* ''Wonderful Havana'' (1st ed.). Eddie Lennon, Julie Napier and Farida Haqiqi. Cool World Books, updated February 2013. Available at Amazon.com. * King, Charles Spencer (2009) ''Havana My Kind of Town''. USA: CreateSpace. ISBN 978-1-4404-3269-9. * ''Havana: History and Architecture of a Romantic City''. Alicia García Santana. Monacelli, October 2000. ISBN 978-1-58093-052-9
for the most part perished during the war, making Warsaw an important place of Holocaust remembrance. Today, Warsaw is a bustling metropolis and one of the European Union's fastest-developing capitals and the Union's ninth most populous urban centre. It boasts a mixture of new and old in its eclectic architectural mix, and is constantly changing. While quite sprawling, it is quite easy to navigate for tourists thanks to a good public transit system, and most important sights are quite close to each other. There is no shortage of accommodation options and a wide choice of restaurants and bars. Warsaw's nightlife is also on a rebound, and a reborn cafe culture has taken over the city. There is a large variety of museums, galleries and other tourist attractions, and there is always something happening throughout the year. Districts WikiPedia:Warsaw Dmoz:Regional Europe Poland Voivodships Mazovia Warszawa Commons:Category:Warsaw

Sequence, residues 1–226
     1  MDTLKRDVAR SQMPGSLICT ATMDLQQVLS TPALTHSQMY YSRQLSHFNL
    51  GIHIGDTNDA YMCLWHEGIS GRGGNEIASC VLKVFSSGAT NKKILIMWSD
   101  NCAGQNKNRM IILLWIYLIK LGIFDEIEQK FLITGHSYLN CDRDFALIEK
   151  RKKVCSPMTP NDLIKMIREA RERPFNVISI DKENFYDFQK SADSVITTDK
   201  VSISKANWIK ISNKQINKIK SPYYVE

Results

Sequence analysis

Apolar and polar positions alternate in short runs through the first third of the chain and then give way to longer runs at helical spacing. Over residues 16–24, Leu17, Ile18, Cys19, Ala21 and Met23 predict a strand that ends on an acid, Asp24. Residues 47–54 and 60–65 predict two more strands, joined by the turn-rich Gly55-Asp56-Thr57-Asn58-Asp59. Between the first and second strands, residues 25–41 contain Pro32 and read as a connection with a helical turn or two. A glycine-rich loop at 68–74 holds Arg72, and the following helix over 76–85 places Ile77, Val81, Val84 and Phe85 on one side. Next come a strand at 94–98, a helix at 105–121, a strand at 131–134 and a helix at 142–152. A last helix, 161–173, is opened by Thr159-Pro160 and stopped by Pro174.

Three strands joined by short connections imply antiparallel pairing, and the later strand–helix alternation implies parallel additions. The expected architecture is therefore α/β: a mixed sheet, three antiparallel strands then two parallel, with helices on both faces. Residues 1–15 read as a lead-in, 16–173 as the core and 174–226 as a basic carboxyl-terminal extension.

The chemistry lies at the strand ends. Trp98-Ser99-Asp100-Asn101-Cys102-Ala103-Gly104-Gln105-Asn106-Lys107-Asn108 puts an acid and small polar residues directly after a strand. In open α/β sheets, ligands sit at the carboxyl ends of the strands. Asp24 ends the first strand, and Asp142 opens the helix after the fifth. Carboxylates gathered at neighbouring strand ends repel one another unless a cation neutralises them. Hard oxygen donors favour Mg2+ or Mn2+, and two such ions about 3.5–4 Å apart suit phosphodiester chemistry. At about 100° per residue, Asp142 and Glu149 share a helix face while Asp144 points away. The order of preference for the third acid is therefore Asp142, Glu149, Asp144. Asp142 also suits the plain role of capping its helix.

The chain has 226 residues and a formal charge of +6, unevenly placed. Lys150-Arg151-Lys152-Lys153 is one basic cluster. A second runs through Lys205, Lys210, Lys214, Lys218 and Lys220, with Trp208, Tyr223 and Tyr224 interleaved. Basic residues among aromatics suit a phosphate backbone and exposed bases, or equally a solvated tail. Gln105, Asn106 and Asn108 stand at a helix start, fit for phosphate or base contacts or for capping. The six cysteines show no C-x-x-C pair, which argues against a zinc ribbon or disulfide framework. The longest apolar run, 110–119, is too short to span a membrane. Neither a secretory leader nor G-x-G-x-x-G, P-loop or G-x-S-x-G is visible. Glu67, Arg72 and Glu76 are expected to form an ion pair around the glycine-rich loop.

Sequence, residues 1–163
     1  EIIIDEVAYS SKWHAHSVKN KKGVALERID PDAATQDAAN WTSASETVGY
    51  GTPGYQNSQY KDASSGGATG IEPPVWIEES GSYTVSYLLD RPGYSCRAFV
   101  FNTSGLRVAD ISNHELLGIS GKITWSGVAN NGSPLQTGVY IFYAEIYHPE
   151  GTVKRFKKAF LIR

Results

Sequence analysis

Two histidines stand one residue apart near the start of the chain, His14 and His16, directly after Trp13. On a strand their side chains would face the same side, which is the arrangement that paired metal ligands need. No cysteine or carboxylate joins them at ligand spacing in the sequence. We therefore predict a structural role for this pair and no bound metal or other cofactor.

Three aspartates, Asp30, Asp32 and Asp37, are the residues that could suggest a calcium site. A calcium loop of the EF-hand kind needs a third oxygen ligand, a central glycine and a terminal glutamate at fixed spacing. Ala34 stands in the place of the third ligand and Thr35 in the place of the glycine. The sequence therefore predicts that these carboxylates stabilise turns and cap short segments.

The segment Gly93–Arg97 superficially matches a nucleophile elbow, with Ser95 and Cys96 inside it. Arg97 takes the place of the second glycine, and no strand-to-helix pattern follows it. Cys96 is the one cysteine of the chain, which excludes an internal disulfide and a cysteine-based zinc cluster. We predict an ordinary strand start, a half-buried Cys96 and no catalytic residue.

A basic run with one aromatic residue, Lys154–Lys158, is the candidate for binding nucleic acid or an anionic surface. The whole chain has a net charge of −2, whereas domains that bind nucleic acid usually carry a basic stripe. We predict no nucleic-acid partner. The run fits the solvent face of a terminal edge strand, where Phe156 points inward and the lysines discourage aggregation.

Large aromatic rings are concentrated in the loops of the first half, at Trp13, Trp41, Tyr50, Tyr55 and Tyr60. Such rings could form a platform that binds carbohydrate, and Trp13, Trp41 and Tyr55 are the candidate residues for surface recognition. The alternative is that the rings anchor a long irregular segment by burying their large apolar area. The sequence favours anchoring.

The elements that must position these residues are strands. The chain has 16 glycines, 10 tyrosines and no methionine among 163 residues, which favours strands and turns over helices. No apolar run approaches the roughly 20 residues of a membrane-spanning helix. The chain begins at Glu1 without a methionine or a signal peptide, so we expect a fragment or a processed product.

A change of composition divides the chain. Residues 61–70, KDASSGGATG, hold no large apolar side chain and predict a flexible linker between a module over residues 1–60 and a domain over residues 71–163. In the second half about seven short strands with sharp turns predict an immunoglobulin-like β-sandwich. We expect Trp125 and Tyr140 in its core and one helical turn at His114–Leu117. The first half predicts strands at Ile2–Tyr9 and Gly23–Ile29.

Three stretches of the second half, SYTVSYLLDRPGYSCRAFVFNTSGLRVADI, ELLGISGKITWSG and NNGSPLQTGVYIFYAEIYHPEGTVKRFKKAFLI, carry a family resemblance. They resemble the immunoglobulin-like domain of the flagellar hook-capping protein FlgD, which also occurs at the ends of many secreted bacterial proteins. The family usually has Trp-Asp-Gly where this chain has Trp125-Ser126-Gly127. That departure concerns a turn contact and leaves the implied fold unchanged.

was finished in 1860. The style reflects the artistic interests of the Archduke, who was acquainted with the eclectic architectural styles of Austria, Germany and England. The craftsman Franz Hofmann and his son, Julius, were entrusted with the furnishing and decorations. Hofmann, who worked in the city of Trieste, was a skilful artisan who was willing to follow Maximilian’s suggestions. Both the artisan and his patron had a similar cultural formation and they were well acquainted with the eclectic tendencies of the time. In 1968, Hopkins recorded the album ''Free Form Patterns'' backed by the rhythm section of psychedelic rock band (band (music)) the 13th Floor Elevators. Through the 1960s and into the 1970s Hopkins released one or sometimes two albums a year and toured, playing at major folk (folk music) festivals (music festival) and at folk clubs and on college campuses in the U.S. (United States) and internationally. He travelled widely in the United States, and overcame his fear of flying to join the 1964 American Folk Blues Festival; visit Germany and the Netherlands 13 years later; and play a six-city tour of Japan in 1978. Lightnin' also influenced the great Townes Van Zandt and his music. Procaine was first synthesized in 1905, Commons:Category:Germany Wikipedia:Germany Dmoz:Regional Europe Germany